I appreciate that your response to 11 Scandals was not the same as mine was and maybe my recommendations of books won’t work for you in the future. The challenge with using reviews as a help (versus a hinderance and frustration) is seeing which reviewers’ taste is most closely aligned with each other.
@Christine Let me add one last thing. I actually think the fact that we talk about her books is a complement. Many authors never get mentioned on the site because we can’t even manage to finish one book of theirs or they are so boring we can’t be moved to write anything about them, positive or negative.
I never said you did. I said that is what it reads like to me. As an aside, I hope everyone will continue with their comments and not be affected by the author’s presence in this thread.
@Jane: I keep thinking that if she found her way to the right editor, someone who points at the denouement and says “not quite, flesh that out better and commit to a particular future for the characters,” her books would be really, really good.
I can understand why you might want to clarify this, but with all respect, Ms. Maguire, Jane never said that you approached your job as a series of exercises — she stated that ever since reading Skin Game she has felt like all your stories read like writing exercises, and there’s a distinction between these two statements.
@Jane: Cross-posted! I see you said the same thing. I will be back in less than an hour to reply to comments so I plan to continue the conversation. It’s been such an interesting discussion.
Coming up with a letter grade on a review is a tricky, balancing act, I think. I’ve read stories that were really gripping and memorable but I thought “man, I wish she had a stronger editor.” So, I would certainly recommend a B- book with caveats to someone I thought would like it.
I bought Willing Victim on the basis of the B- review. I’ve never read Wuthering Heights and have no desire to. If it had an A review which I’m sure it does somewhere, I think I’d have to be paid to read it.
Wowser, two epic smackdowns in a row. If I weren’t such a fearless bitch, I might not ever comment here again…
I agree, but I think some people confuse the two. I don’t know how otherwise to explain certain trends in romance, such as for example the number of self-sacrificing heroines. It seems like moral ambiguity, in particular, isn’t tolerated very much, and I think that’s shame.
I do too.
I think I want that from every novel, but it’s true that with romance, if I don’t care for the characters, I don’t care about their HEA either.
As I said before, I would have loved for Fallon’s history to be explored more. I think that could have been a key to opening up such a closed character to readers.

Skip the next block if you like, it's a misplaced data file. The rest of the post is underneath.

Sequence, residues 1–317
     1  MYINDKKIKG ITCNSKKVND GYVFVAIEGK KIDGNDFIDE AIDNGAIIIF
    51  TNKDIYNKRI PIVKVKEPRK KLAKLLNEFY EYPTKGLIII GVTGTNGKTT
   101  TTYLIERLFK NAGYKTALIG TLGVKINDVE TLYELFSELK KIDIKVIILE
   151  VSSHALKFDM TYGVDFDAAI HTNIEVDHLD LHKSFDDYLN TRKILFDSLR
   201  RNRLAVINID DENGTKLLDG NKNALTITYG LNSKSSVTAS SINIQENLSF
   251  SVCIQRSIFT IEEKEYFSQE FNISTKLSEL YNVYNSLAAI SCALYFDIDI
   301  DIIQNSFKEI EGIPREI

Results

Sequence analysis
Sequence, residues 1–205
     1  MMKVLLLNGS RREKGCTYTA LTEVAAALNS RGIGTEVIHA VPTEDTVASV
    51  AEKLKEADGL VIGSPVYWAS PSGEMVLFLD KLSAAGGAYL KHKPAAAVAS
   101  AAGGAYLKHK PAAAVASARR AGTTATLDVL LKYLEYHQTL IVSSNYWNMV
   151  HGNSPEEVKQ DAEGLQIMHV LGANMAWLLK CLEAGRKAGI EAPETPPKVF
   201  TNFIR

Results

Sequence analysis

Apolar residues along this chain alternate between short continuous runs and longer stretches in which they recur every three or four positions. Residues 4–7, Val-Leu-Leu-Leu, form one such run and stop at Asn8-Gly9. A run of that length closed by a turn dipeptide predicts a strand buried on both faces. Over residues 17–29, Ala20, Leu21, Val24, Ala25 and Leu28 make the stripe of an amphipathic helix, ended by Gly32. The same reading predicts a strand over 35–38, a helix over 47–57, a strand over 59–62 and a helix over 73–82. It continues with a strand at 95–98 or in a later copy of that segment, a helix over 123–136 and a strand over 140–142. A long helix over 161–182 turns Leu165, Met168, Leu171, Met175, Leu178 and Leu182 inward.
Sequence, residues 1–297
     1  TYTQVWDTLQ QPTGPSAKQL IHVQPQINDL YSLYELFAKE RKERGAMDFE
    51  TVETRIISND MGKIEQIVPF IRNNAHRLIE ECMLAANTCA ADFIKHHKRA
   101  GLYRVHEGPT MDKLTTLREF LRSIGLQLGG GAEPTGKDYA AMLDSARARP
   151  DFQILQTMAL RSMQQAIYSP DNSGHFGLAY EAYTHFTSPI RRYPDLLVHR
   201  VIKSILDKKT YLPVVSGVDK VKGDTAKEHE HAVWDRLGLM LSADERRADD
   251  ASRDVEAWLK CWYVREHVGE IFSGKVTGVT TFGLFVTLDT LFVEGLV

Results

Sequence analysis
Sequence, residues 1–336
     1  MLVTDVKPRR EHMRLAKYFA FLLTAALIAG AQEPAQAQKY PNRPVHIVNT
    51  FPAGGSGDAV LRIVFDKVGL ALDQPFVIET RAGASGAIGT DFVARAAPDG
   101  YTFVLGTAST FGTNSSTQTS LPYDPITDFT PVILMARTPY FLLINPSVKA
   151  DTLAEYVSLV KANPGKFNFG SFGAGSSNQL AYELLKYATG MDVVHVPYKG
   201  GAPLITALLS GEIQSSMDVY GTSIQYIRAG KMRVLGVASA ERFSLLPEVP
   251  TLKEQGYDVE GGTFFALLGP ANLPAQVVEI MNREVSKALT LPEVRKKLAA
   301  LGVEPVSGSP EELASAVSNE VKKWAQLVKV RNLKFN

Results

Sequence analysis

I can see why. She has some great strengths.
@Jane: I’ve only read Willing Victim and this book. This one didn’t feel like a writing exercise to me, just like a book with great strengths and great weaknesses. It was flawed and uneven, but for me, worth reading anyway. Willing Victim felt much less flawed for me. I did feel that the ending was abrupt. It didn’t read like a writing exercise to me. I can see why it might be viewed that way, but I felt there was subtle change in the characters. I typically like more growth than that, and would have loved to know a bit more about Flynn and Laurel, and where their lives took them, so it was a B read for me.
@GrowlyCub Epic smackdowns? Would it have helped if I put in a smiley face? I just don’t want readers discouraged from voicing their thoughts, either one way or another.
@Janine I think you and JL should both read Trespass (and Lazaraspaste too) because the heroine is definitely morally ambiguous. Would love to see what you all think of the female protag in that book.
@Christine: Glad you enjoyed The Reluctant Nude.
I think you are comparing apples and oranges. As of the last count I think there are ten of us who review for Dear Author. We all have our own tastes and opinions which differ and which we articulate differently. I am the reviewer of The Reluctant Nude, but I didn’t give Eleven Scandals to Start to Win a Duke’s Heart an A grade, Jane did.
After Jane recommended it I tried Eleven Scandals. I found it compelling but put it down due to the fact that I hadn’t read the earlier books in the series and contrary to what Jane said in her review, I didn’t feel that it stood on its own. Characters and events from the earlier books were heavily referred to and I felt like I was missing half the story. I noticed that the language sounded contemporary or American in places, and that bothered me a bit.